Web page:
From childhood, Hesse appeared headstrong and hard for his family to handle. In a letter to her husband, Hermann's mother Marie wrote: "The little fellow has a life in him, an unbelievable strength, a powerful will, and, for his four years of age, a truly astonishing mind. How can he express all that? It truly gnaws at my life, this internal fighting against his tyrannical temperament, his passionate turbulence [...] God must shape this proud spirit, then it will become something noble and magnificent – but I shudder to think what this young and passionate person might become should his upbringing be false or weak."
Hesse showed signs of serious depression as early as his first year at school.
In his juvenilia collection Gerbersau, Hesse vividly describes experiences and anecdotes from his childhood and youth in Calw: the atmosphere and adventures by the river, the bridge, the chapel, the houses leaning closely together, hidden nooks and crannies, as well as the inhabitants with their admirable qualities, their oddities, and their idiosyncrasies. The fictional town of Gerbersau is pseudonymous for Calw, imitating the real name of the nearby town of Hirsau. It is derived from the German words gerber, meaning "tanner," and aue, meaning "meadow."
Calw had a centuries-old leather-working industry, and during Hesse's childhood the tanneries' influence on the town was still very much in evidence. Hesse's favorite place in Calw was the St. Nicholas-Bridge (Nikolausbrücke), which is why the Hesse monument was erected there in 2002.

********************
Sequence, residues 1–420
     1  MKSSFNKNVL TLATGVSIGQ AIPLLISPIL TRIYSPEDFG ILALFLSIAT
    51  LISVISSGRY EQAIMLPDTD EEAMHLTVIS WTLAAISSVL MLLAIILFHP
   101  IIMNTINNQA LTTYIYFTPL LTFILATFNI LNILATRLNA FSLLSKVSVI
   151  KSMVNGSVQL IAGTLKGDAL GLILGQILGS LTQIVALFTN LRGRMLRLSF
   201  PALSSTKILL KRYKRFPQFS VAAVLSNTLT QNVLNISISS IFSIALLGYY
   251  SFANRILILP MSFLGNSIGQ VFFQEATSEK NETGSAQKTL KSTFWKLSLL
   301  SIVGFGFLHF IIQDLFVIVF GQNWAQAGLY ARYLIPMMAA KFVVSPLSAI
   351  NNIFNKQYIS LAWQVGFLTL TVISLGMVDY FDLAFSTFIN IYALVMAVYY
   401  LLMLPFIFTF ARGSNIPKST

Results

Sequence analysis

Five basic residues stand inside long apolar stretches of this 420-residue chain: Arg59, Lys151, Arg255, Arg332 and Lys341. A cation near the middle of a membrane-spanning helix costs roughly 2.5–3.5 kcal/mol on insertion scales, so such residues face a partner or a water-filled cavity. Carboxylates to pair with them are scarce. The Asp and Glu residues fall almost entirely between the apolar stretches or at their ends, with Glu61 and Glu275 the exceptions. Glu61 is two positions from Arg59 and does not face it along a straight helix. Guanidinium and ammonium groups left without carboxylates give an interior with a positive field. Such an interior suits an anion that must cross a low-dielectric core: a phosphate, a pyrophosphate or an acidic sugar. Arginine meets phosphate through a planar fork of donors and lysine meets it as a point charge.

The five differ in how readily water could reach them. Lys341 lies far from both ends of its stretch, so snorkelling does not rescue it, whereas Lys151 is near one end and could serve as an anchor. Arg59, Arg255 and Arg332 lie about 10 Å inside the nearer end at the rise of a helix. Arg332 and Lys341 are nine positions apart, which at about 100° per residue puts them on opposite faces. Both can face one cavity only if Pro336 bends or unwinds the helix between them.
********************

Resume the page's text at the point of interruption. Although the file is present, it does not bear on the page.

Hermann Hesse's grandfather Hermann Gundert, a doctor of philosophy and fluent in multiple languages, encouraged the boy to read widely, giving him access to his library, which was filled with the works of world literature. All this instilled a sense in Hermann Hesse that he was a citizen of the world. His family background became, he noted, "the basis of an isolation and a resistance to any sort of nationalism that so defined my life."
Young Hesse shared a love of music with his mother. Both music and poetry were important in his family. His mother wrote poetry, and his father was known for his use of language in both his sermons and the writing of religious tracts. His first role model for becoming an artist was his half-brother, Theo, who rebelled against the family by entering a music conservatory in 1885. Hesse showed a precocious ability to rhyme, and by 1889–90 had decided that he wanted to be a writer.
In 1881, when Hesse was four, the family moved to Basel, Switzerland, staying for six years and then returning to Calw. After successful attendance at the Latin School in Göppingen, Hesse entered the Evangelical Theological Seminary of Maulbronn Abbey in 1891. The pupils lived and studied at the abbey, one of Germany's most beautiful and well-preserved, attending 41 hours of classes a week. Although Hesse did well during the first months, writing in a letter that he particularly enjoyed writing essays and translating classic Greek poetry into German, his time in Maulbronn was the beginning of a serious personal crisis.